Published on January 10th, 2017 | by Daniel Castro1
Bipartisan DIGIT Act Puts United States on Track to Be Global Leader on the Internet of Things
WASHINGTON–The Center for Data Innovation today welcomed the re-introduction of the Developing Innovation and Growing the Internet of Things (DIGIT) Act by Senators Deb Fischer (R-NE), Cory Gardner (R-CO), Cory Booker (D-NJ), and Brian Schatz (D-HI). The Center issued the following statement from Director Daniel Castro:
By bringing together a broad cross section of stakeholders in government and industry to shape a national strategy for the Internet of Things, the bipartisan DIGIT Act would put the United States on track to secure the enormous potential benefits this technology has to offer for both the private sector and the public. To make the United States more competitive and seize on all the opportunities from the Internet of Things, this working group should focus broadly on all challenges and opportunities the technology presents.
The DIGIT Act creates a working group and steering committee that together will address some of the most pressing challenges facing the Internet of Things, such as ensuring federal agencies are prepared to adopt the Internet of Things and identifying spectrum needs, both of which market forces alone cannot readily overcome. With the Secretary of Commerce at the helm, the working group promises to help the United States capitalize on the enormous economic benefits the Internet of Things will offer.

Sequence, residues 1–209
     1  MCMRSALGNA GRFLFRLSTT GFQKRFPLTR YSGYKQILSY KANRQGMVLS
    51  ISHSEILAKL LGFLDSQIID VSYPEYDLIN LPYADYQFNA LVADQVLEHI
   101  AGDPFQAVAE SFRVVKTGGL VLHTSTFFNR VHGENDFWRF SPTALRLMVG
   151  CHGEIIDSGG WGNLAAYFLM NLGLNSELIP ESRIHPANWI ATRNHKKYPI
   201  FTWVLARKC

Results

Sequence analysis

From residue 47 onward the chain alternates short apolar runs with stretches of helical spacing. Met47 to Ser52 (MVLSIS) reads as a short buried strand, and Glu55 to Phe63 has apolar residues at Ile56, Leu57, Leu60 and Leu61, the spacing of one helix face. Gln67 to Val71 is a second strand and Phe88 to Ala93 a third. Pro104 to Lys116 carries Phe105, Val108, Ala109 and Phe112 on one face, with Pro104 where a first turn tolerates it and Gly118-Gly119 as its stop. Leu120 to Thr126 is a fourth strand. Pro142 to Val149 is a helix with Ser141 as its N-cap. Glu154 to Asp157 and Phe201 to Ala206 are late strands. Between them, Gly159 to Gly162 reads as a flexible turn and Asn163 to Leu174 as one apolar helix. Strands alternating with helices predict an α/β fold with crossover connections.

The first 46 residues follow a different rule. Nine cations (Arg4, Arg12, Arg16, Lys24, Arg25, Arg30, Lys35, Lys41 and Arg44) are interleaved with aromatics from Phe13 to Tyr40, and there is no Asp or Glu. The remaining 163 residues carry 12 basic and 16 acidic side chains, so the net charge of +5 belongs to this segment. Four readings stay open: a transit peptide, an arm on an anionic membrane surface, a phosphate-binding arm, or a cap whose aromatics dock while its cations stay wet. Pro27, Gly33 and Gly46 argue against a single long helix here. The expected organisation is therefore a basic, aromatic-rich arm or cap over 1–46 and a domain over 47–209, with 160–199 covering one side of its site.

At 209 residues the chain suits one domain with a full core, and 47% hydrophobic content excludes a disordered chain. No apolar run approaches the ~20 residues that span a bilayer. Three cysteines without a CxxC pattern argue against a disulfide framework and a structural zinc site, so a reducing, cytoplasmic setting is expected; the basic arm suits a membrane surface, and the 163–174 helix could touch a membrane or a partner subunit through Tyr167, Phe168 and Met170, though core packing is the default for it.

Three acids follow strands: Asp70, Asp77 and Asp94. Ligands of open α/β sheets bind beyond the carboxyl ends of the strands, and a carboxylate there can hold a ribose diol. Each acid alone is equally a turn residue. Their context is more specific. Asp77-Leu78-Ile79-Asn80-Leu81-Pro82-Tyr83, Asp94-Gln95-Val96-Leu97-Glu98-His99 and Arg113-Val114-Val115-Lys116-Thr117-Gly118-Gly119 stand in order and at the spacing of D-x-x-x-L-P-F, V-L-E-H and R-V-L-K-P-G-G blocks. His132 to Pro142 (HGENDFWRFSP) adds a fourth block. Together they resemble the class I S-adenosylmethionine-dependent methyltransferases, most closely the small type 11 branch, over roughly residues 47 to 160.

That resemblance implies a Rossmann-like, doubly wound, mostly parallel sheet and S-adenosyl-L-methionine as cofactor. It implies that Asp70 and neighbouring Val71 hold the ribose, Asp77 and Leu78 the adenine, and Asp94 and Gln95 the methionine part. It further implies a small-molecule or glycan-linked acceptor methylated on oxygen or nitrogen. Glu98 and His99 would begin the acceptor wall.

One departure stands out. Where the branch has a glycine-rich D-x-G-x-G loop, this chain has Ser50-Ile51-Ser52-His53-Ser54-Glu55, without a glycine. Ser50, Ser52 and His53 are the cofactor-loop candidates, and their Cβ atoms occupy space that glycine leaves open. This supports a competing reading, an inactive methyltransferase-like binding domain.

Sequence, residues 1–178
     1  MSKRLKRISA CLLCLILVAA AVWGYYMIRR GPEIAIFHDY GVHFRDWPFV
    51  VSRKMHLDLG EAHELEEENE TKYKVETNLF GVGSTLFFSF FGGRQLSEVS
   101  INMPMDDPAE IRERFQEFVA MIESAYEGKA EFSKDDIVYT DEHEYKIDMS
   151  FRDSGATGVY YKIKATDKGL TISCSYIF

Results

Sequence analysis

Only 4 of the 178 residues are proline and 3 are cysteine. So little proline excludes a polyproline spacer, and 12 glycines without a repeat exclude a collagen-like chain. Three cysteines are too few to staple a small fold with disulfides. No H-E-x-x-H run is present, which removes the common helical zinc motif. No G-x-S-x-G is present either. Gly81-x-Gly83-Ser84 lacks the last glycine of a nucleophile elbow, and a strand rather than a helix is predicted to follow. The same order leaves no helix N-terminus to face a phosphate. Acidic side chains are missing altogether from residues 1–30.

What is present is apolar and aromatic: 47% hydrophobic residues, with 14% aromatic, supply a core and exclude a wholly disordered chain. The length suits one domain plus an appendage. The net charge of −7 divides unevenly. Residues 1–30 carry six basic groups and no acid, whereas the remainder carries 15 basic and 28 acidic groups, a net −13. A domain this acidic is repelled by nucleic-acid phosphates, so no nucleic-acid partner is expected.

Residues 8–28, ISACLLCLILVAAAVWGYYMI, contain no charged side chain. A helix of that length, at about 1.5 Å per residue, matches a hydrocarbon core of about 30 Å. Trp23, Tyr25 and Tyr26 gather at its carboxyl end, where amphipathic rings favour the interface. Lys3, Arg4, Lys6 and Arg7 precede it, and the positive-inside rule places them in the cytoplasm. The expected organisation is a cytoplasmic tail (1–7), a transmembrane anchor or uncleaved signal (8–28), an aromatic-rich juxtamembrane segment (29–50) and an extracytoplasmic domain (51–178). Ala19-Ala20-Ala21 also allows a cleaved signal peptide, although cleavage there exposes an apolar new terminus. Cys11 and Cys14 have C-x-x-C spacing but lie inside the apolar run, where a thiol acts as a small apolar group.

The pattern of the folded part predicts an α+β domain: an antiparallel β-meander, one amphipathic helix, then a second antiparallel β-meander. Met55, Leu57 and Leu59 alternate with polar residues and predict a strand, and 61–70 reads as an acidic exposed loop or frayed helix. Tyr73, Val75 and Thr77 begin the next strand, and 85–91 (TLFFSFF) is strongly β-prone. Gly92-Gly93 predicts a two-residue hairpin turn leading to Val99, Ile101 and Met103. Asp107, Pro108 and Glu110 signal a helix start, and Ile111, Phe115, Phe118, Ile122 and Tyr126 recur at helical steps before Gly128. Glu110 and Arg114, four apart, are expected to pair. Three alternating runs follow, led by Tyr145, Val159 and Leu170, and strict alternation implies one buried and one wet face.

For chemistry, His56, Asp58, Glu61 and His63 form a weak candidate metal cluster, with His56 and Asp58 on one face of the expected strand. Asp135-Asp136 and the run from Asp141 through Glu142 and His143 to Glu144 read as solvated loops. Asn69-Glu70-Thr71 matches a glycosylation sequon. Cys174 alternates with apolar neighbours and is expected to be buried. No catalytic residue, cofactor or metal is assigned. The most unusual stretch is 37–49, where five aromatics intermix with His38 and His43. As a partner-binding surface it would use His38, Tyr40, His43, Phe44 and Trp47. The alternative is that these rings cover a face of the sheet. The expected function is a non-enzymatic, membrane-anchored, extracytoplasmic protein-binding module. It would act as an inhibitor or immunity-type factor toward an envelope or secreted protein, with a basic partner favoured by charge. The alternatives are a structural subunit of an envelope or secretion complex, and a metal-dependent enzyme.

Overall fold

The findings of this working group will provide policymakers with the necessary framework to craft a national strategy for the Internet of Things, which would ensure the technology develops cohesively and rapidly, that consumers and businesses do not face barriers to adoption, and that the public and private sectors can take full advantage of the opportunities the Internet of Things can create. If the United States gets its national strategy right, there is simply no telling the scope of the benefits it can provide.
For this to be a success though, the Secretary should broaden the focus to examine additional challenges facing the Internet of Things. For example, as the Internet of Things generates huge amounts of data for the public and private sectors to act upon, the United States will need to ensure that it produces a workforce capable of taking advantage of this data.
Finally, given the transformative potential of the Internet of Things for health care, cities, agriculture, and other important sectors, we encourage the Secretary to include representatives from agencies that can help maximize these opportunities, such as the Department of Health and Human Services, the Department of Housing and Urban Development, and the Department of Agriculture.
For more, see the Center’s December 2015 report, “Why Countries Need National Strategies for the Internet of Things.”